- HPED 786 Scientific Foundations of Human Movement 3
- HPED 788 Comprehensive Examination 0
- HPED 798 Research Seminar 3
- HPED 799 Thesis 3
Comprehensive Exam: Not Required
Prospective graduate students who are interested in employment as a Graduate Teaching Assistant or a Graduate Research Assistant within the Department of Human Performance and Leisure Studies must contact the department to request an assistanship application. All assistantship applications must be completed and submitted to the department prior to the published due date. Late applications will not be accepted and/or considered for review
There are no internship capstone requirements associated with the M.S. in Physical Education and Health degree program.
Clinical Field Experiences
Within various M.S. courses, clinical experiences are integrated, whereas clinical experiences hours may vary across courses. In collaboration with the faculty member on record, the graduate student must obtain the required hours of clinical experience that are specifified for the respective course.
Graduate students are advised by HPLS faculty members in accordance with the respective graduate program in which they are enrolled. For instance, graduate students who are enrolled in the M.S. in Physical Education and Health degree program are advised by the M.S. in Physical Education and Health program coordinator, or the assigned HPLS faculty members who are integrally involved with the M.S. in Physical Education and Health degree program.
Graduate students are afforded opportunities within the Department of HPLS to engage in funded and non-funded research projects. HPLS faculty members have diverse research experiences, which have involved (but is not limited to): 1) Obesity and physical activity; 2) Inclusion and children with disabilities; 3) Effective pedagogy; 4) Professional preparation of pre-service and in-service teachers; 5) Motor learninG and control; 6) Psychometric measurements; 7) Contextual influences; and 8) Physical and/or orthopedic impairments.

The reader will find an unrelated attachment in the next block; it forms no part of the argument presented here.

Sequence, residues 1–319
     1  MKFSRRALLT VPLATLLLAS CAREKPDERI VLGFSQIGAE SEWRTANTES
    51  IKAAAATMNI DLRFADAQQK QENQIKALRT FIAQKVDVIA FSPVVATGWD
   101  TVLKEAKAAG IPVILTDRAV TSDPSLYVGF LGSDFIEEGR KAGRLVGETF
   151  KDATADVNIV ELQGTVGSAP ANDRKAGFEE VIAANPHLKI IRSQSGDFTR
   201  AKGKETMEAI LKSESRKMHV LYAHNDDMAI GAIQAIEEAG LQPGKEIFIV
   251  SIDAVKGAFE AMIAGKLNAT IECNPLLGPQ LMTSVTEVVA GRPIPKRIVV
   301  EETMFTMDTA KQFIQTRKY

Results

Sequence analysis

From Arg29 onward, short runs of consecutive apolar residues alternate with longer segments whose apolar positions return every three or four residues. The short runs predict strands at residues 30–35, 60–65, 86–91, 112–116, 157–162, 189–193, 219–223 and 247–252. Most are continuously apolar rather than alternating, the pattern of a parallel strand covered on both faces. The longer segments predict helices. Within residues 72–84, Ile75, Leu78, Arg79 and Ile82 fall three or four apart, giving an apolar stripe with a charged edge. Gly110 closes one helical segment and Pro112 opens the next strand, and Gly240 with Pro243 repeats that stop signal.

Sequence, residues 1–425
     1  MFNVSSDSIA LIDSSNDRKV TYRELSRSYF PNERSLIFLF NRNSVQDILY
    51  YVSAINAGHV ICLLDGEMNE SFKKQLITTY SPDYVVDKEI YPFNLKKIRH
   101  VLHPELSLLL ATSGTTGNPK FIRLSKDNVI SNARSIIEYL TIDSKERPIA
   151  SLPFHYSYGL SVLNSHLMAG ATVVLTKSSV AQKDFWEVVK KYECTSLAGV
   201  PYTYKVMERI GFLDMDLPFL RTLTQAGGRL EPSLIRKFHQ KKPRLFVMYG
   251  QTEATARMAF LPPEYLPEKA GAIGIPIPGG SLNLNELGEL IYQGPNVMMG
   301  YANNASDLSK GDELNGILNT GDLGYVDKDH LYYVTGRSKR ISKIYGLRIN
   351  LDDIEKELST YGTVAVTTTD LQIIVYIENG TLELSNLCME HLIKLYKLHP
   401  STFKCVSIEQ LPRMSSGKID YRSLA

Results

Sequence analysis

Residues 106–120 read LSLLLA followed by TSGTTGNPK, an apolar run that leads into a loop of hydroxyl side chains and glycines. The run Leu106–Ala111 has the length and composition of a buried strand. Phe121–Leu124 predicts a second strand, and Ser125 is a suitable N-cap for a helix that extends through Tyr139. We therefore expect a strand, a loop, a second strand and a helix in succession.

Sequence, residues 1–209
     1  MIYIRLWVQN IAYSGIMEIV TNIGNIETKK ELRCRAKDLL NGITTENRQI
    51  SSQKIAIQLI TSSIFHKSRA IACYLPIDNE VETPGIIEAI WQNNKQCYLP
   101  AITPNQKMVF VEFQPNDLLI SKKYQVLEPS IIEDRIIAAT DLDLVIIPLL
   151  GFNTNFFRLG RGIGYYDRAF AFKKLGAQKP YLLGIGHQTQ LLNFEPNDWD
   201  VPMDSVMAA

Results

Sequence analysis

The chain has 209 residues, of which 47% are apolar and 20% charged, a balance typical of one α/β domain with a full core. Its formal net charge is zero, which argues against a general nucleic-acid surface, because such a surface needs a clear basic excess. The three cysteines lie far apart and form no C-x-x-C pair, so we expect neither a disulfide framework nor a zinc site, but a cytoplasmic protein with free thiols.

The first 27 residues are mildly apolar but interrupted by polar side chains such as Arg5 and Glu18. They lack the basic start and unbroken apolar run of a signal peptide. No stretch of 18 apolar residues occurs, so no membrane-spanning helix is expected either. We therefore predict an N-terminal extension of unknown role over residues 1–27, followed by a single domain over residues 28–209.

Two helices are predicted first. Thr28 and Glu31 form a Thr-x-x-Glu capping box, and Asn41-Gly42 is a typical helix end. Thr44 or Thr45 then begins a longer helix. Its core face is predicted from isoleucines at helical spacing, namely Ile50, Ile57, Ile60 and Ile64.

The M.S. in Physical Education and Health program is aligned with professional standards commensurate with the National Council for Accreditation of Teacher Education (NCATE), Southern Association of Colleges and Schools (SACS), and North Carolina Department of Public Instruction (NCDPI).
Directory of Faculty
- Deborah J. Callaway, Associate Professor and Special Assistant to the Chancellor, B.S., Virginia State College; M.Ed., Virginia Commonwealth University; Ed.D., Virginia Polytechnic Institute and State University; Associate Professor
- Teresa K. Dail, Associate Professor and MAT Coordinator, B.S., Wake Forest University; M.A.T., University of North Carolina at Chapel Hill, Ph.D., University of North Carolina at Greensboro
- Gloria H. Elliott, Assistant Professor, B.S., Fayetteville State University; M.S., The University of Connecticut; Ph.D., The Ohio State University
- Brenda Swearingin, Assistant Professor, B. S., University of Arkansas, M.S. University of Arkansas, Ph.D, University of North Carolina at Greensboro